Do you want to try the cronut or do you want to taste the hype? Personally, I wonder how it tastes — could the experience justify the mammoth queue — but I’m content with my non-doughnutified croissant. Though I would gladly wait hours for a classic pastry, they don’t make people feel as if they are participating in something unique, exciting and modern. That’s where the cronut satisfies. It’s not a Franken-pastry; it’s a Franken-social phenomenon. Whether or not you want to eat a cronut, the foodstuff captures collective imagination because it combines modern foodie culture’s love of hype, exclusivity and hedonistic treats.
When I first heard about the cronut, I didn’t understand what it was. Although the name implies a combination of ‘doughnut’ and ‘croissant,’ the vaguely vulgar calque doesn’t immediately call to mind either. Nor does its appearance. The sugary circle is taller than a doughnut and looks nothing like a croissant. Is the dough laminated and then fried? Should it be bare like a croissant or glazed like a doughnut? Are the fillings like what you’d find in a gourmet doughnut or simply strange? Despite Dominique Ansel’s description, he identifies it as a ‘unique creation’ and ‘that many have described to be a croissant-doughnut hybrid’ leaving more questions as to what the pastry really is. To understand ‘cronut’ as a Franken-pastry would require a baking lexicon that the average American does not possess. As Ansel’s descriptions suggest, the cronut must be understood as itself. It is the hype. It is a product of New York and of 21st century foodie culture.
That’s why it’s impossible to discuss the cronut without discussing the frenzy it provoked. In a society that promotes validating our meals by incessantly instagramming them, the mythically long cronut line validates our enjoyment of the food. Rather than slapping a filter on a plate of cacio e pepe to enhance its ‘cravablity’ (and to hide the fact you didn’t manage the formaggio fuso), you can suffer through the rite of waiting to ensure you’re enjoying quality. The cronut’s quality doesn’t exist independently. It is shared through the collective waiting experience. Taking that first bite you taste the fruits of your labour, of your long wait. The anticipation has built it up, but it can’t let you down. That’s because you haven’t simply purchased a must-have product or snagged a hard-to-get dinner reservation, but taken part in an experience and earned a story that you will be able to whip out whenever you need to. Sure, maybe it’s a bit too sweet. Maybe you aren’t a lover of this month’s lavender-infused flavour but, hey, it’s unique. You can’t compare the Franken-pastry and its Franken-experience with eating the salted-caramel doughnut from Dough at Smorgasburg. You can’t compare it to eating a croissant in Paris. It’s something different. It’s not about the food; it’s about the union of food and hype.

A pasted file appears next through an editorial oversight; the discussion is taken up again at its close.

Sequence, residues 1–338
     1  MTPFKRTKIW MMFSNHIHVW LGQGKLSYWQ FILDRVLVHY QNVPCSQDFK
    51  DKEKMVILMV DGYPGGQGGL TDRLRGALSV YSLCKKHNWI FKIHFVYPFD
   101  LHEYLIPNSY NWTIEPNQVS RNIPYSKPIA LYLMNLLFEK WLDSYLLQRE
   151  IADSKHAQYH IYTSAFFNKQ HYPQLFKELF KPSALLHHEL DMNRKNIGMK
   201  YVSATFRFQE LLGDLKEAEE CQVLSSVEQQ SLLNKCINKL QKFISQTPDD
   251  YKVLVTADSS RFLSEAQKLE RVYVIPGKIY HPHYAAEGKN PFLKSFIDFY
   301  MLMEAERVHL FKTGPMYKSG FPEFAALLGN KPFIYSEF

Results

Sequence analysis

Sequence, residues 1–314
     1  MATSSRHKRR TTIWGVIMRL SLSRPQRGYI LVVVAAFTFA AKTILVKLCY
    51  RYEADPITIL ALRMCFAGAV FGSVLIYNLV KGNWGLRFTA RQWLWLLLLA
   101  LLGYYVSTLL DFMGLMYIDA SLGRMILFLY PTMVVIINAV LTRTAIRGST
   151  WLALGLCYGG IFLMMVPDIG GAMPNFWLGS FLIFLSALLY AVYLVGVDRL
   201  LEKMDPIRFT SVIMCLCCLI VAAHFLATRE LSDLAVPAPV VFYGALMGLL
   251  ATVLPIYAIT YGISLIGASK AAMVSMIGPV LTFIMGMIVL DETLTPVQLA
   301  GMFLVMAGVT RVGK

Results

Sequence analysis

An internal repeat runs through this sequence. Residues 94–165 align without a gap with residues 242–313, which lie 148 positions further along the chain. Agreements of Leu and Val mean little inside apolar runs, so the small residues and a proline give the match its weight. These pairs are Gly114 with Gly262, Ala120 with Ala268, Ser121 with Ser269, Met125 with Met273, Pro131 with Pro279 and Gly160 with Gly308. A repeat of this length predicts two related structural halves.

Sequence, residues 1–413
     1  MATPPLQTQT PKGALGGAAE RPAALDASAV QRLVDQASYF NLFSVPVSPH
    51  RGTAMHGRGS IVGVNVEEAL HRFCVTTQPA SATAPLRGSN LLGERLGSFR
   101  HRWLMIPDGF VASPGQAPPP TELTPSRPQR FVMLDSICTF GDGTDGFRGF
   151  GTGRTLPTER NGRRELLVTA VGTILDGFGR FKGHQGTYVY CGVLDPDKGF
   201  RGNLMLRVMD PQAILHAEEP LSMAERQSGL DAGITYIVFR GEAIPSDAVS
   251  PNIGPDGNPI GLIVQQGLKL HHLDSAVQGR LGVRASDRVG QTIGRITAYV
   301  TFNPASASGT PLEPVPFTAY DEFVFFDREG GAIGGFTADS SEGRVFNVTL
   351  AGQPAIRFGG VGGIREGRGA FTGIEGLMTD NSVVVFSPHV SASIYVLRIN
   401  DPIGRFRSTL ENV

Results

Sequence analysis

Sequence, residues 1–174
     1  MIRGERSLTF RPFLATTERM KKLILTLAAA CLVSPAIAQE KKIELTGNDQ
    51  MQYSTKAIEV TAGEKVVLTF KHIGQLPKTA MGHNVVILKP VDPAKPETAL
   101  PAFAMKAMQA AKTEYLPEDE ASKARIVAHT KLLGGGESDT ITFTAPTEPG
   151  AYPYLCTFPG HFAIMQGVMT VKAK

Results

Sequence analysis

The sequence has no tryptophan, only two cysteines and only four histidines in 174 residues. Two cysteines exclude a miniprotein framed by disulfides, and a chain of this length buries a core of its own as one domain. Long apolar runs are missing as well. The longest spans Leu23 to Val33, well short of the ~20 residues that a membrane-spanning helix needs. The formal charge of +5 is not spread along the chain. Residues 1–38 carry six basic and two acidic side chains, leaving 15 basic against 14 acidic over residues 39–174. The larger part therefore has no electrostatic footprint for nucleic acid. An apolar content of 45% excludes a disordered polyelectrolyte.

But then how do we account for the cronut knock-offs that pop up in every other bakery in the city? Since none of these imitation pastries are able to use the word ‘cronut’, they are marked as imposters. These substitutes may teach you what a doughnut/croissant hybrid might look and taste like, but they don’t allow you to participate in the cronut hype. Without waiting on line, bragging about your foodie ‘conquest’ and instagramming your reward, you’re simply eating a silly, scary new food product.
In creating the cronut, Dominique Ansel didn’t so much invent a new pastry as respond to cultural cues to create a foodie phenomenon. While we might be interested to know if the cronut tastes good enough to warrant the hype, when we eat the pastry we’re affirming our participation in a specific cultural moment. We are part of a dedicated ‘in’ crowd, who knows quality, is on the cutting edge and embodies the democratic spirit of waiting your turn. We want to say that we understand food is a shared experience, rather than a mass-produced one like Dunkin’ Donuts offers. Ultimately, the cronut’s specific flavour, it’s outside appearance or cream filling doesn’t matter. Saying that you want to try a cronut is akin to saying you want to immerse yourself in 21st century foodie society.